Fernando sits alone in his room.

He has lived in this room for many years. He goes outside sometimes. To eat mostly. To walk occasionally. Although there has been very little walking of late, a fact that will contribute to Fernando’s premature death at the age of 47. But that will be some years from now. For now, Fernando sits, Fernando thinks, and the world revolves around him and his room.

Angels and devils come to visit him. The angels are beautiful. Sometimes their hair is blonde, sometimes brown, or red, but it is always long, to the waist. They are always naked, and their skin is always soft. Some are plump with larger breasts; some are thin with small breasts. Sometimes their skin is dark, as though they’ve been working in the sun. Sometimes it’s so pale, you can see the blue veins.

And Fernando says, “I thought angels were men.”

And the angels laugh. And Fernando feels stupid.

And then, they take him into their bosom and explain that men could never have created this world. And they tell him the true story of how the world came to be. But that story is a secret, one only Fernando and the angels know.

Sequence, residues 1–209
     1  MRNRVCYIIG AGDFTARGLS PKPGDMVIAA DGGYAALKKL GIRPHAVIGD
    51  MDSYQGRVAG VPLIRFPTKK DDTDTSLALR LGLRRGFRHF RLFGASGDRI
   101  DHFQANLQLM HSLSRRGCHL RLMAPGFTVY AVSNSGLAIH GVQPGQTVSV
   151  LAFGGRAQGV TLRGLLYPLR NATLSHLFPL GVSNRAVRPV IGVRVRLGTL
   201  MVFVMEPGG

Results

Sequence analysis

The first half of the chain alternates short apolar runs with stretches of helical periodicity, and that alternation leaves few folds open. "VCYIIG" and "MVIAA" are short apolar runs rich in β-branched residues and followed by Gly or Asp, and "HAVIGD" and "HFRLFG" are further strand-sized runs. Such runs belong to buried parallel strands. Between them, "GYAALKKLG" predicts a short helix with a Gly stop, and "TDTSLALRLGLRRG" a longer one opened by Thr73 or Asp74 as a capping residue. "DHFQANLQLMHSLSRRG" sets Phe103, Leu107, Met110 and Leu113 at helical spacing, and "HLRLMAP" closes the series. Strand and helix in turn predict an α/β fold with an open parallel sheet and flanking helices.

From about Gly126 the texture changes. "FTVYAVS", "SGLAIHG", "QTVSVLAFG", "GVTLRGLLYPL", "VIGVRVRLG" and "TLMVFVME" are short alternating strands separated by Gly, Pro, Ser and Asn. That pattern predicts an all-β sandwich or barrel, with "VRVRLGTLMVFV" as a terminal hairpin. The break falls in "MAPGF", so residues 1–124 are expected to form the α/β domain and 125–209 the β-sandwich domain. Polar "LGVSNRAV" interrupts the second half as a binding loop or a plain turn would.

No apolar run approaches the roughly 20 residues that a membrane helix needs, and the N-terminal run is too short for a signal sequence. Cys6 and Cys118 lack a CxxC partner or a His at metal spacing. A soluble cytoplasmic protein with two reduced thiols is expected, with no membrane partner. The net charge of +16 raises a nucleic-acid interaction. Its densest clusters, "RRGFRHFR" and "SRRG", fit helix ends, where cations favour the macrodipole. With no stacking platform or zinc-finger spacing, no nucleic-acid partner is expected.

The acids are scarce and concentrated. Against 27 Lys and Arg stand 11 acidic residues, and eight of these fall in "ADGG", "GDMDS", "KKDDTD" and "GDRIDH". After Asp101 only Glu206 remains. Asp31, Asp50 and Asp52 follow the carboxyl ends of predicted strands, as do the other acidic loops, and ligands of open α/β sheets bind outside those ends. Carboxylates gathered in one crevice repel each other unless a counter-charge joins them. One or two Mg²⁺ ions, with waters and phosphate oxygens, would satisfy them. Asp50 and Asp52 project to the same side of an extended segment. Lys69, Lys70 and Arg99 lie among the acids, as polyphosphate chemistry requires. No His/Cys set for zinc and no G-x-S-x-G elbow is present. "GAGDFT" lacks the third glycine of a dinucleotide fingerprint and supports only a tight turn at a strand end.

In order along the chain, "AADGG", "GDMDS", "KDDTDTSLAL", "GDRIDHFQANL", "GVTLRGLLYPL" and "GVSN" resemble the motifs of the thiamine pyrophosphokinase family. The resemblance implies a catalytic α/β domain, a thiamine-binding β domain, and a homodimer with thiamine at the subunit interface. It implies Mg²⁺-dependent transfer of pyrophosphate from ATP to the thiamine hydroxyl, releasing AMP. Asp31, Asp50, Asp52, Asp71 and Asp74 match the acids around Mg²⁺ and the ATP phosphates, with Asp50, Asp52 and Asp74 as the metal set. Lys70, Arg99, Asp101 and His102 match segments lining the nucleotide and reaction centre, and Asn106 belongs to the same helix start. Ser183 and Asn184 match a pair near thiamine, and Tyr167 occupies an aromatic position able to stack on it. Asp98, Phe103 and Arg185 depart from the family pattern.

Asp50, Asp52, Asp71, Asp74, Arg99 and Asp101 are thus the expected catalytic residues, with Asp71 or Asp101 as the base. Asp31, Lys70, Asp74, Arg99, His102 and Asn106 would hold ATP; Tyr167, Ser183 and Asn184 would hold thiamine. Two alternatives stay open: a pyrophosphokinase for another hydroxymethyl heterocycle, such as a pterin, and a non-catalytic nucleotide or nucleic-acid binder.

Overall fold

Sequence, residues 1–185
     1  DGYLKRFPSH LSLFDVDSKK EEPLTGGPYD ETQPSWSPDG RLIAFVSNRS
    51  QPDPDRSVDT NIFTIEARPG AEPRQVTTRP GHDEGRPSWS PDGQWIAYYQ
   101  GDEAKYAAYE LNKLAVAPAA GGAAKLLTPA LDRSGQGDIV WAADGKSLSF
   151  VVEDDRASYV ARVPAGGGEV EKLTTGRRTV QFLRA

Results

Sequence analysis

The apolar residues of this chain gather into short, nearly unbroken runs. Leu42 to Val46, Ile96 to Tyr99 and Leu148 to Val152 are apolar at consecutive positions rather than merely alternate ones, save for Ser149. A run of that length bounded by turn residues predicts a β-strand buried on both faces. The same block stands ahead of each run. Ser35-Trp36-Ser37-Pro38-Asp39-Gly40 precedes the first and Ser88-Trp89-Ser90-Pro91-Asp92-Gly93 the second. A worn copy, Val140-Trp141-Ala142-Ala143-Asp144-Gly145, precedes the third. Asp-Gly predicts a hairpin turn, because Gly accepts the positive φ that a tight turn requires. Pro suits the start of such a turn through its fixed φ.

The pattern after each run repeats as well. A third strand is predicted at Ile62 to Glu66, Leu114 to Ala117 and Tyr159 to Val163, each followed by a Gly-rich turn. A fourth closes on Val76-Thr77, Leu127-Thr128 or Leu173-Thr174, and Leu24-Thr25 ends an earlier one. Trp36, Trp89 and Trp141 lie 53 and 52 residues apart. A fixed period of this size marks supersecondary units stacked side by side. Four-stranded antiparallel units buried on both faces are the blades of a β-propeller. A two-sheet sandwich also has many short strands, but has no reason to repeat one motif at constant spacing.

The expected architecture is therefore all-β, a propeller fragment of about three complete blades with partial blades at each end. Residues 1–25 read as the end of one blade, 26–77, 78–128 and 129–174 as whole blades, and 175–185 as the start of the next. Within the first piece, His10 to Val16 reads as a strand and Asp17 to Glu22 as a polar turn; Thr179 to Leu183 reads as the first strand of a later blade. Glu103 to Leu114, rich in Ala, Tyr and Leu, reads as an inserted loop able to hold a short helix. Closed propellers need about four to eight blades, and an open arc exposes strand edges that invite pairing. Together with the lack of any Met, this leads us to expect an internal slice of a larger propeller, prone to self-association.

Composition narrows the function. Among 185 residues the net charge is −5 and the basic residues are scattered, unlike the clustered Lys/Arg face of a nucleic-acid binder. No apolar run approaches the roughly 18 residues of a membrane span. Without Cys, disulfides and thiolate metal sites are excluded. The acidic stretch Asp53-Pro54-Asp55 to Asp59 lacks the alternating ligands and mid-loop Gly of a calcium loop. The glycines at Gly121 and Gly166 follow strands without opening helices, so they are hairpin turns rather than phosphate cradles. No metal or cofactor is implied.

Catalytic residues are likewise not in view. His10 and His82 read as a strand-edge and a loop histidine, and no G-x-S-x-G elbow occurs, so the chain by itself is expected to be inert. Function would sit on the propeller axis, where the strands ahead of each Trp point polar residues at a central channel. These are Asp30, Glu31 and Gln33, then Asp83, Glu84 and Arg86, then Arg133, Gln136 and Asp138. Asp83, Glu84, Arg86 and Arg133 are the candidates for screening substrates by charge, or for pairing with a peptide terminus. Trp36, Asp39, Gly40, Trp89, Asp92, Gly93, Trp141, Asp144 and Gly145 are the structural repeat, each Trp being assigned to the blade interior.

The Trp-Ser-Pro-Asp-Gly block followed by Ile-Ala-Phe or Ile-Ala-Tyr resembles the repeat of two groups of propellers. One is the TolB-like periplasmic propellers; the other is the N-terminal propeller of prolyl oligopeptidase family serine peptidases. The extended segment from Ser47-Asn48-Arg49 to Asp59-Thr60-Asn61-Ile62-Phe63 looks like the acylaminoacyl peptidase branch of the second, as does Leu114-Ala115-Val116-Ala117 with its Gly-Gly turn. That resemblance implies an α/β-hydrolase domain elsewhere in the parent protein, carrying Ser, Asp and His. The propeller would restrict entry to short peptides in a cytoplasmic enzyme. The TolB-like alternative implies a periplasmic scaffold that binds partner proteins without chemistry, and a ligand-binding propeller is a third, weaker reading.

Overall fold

Sometimes, devils come. But they are mostly the same. (They are, after all, fallen angels).

Except their hair is always raven-black, and their nakedness stirs a longing in Fernando that the angels never incite. And they do things to Fernando. Different things. Things he savours later, things he dreams about at night, in dreams of shame.

And Fernando wonders: “Is this why the world is as it is? Simply because one pleasure is better than the other? Is this the reason Heaven was torn apart?”

And the devils laugh. And Fernando feels stupid.

One night, an angel strokes Fernando’s face and he shakes at her touch.

“You know we’re not real,” she says.

“What does it matter?” Fernando says, looking around the room. “This is all that’s real.”

And Fernando laughs.

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